In addition to a wide range of plants and grasses which provide a good source of seeds, we leave a lot of fruit to the birds after we have taken what we need. Our enormous mulberry tree is particularly prolific and loved.
We have lots of crabapples (hence the historical name!). Our viburnum are loved by robins, bluebirds, finches, and many others.
By September, the garden and the hedgerows surrounding us are laden with berries, providing important food source for many birds during the winter, especially when the ground is too frozen to hunt worms or snails, and there are few insects about. Leave your sunflower heads out for the birds. We had loads of enormous ones last year.
Berry and fruit bearing trees provide food for a range of insects and animals, too: hedgehogs, badgers, mice, squirrels and even foxes will all happily feed on them.
Fallen fruit can also provide birds with a cold-weather treat – pop some in the freezer, and save it for the winter bird table.
Although winter feeding benefits birds most, food shortages can occur at any time of the year. By feeding all year round, you’ll give them a better chance to survive food shortages whenever they may occur. During the summer months, birds require high protein foods, especially while they are moulting and feeding their young, extra food on your bird table can make a big difference to the survival of young.
Avoid using peanuts, fat and bread at this time, since these can be harmful if adult birds feed them to their nestlings.
Birds time their breeding period to exploit the availability of natural foods: earthworms in the case of blackbirds and song thrushes, and caterpillars in the case of tits and chaffinches. It is now known that if the weather turns cold or wet during spring or summer, severe shortage of insect food can occur, and if the weather is exceptionally dry, earthworms will be unavailable to ground feeding birds because of the hard soil. In order to help with this, buggy nibbles and mealworms can be provided during these times to prevent starvation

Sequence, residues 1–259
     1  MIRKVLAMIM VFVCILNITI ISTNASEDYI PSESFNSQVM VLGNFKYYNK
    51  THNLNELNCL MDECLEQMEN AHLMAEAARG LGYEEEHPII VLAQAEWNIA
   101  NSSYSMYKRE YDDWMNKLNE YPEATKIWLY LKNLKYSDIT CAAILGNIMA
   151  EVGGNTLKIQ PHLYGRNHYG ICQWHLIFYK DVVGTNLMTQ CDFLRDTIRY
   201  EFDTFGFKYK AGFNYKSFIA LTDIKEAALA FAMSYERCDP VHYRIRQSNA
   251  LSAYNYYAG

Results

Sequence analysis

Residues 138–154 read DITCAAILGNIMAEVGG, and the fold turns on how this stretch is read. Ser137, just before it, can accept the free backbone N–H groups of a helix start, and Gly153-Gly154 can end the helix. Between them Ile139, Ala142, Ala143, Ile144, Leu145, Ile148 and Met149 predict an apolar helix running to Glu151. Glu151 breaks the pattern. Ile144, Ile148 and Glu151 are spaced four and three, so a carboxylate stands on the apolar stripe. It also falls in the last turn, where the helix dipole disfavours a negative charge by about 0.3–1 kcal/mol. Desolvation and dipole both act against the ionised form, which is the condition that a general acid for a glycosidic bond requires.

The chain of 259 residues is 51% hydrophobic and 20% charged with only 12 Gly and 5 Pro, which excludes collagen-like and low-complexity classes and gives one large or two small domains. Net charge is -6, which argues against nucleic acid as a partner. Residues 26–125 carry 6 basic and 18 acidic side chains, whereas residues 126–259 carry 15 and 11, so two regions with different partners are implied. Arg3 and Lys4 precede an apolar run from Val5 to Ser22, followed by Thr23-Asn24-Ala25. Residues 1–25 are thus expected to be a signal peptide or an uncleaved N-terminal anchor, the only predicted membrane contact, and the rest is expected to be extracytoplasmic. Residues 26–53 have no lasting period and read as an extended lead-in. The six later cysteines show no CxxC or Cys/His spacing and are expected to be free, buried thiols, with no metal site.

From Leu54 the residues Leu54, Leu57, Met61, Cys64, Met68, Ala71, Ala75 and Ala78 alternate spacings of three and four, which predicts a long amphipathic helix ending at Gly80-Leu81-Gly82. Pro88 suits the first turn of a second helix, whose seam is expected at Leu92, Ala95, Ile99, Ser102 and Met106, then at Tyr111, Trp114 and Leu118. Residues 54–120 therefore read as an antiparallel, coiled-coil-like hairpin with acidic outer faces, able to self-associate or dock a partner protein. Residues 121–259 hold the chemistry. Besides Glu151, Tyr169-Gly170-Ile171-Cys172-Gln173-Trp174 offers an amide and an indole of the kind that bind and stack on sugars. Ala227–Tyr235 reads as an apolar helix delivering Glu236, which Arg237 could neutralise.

We have three feeding sites to attract the birds – one in the middle of the garden, next to a bench so that people can sit and watch them. There are more feeders hanging from the mulberry tree in the house garden so that holiday let visitors can enjoy them from the kitchen and dining room windows. The third site is opposite the little potting shed which serves as the entrance to the garden and where people pay to come in. We can watch the birds from inside the shed without disturbing them at all.
Squirrel proof feeders are a must and, one strategy is to leave one feeder for the squirrels, as they need to eat too, squirrel proof feeders are a must and these are our top 3:
Suet blocks work out more expensive than seeds and if you have starlings in your garden then I would avoid them, purely because they break off large chunks of the stuff, dropping it on the ground and attracting rats. That said, the little blue tits love suet blocks and they are a great high energy source, particularly in the winter. We use these
Avoid seed mixtures that have split peas, beans, dried rice or lentils as again only the large species can eat them dry. These are added to some cheaper seed mixes to bulk them up.